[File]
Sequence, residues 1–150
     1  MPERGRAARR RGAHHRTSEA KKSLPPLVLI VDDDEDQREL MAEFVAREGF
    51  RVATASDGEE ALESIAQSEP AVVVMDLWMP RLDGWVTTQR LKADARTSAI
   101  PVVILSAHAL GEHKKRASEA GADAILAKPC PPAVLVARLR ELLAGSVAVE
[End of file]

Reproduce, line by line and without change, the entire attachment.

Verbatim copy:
Sequence, residues 1–150
     1  MPERGRAARR RGAHHRTSEA KKSLPPLVLI VDDDEDQREL MAEFVAREGF
    51  RVATASDGEE ALESIAQSEP AVVVMDLWMP RLDGWVTTQR LKADARTSAI
   101  PVVILSAHAL GEHKKRASEA GADAILAKPC PPAVLVARLR ELLAGSVAVE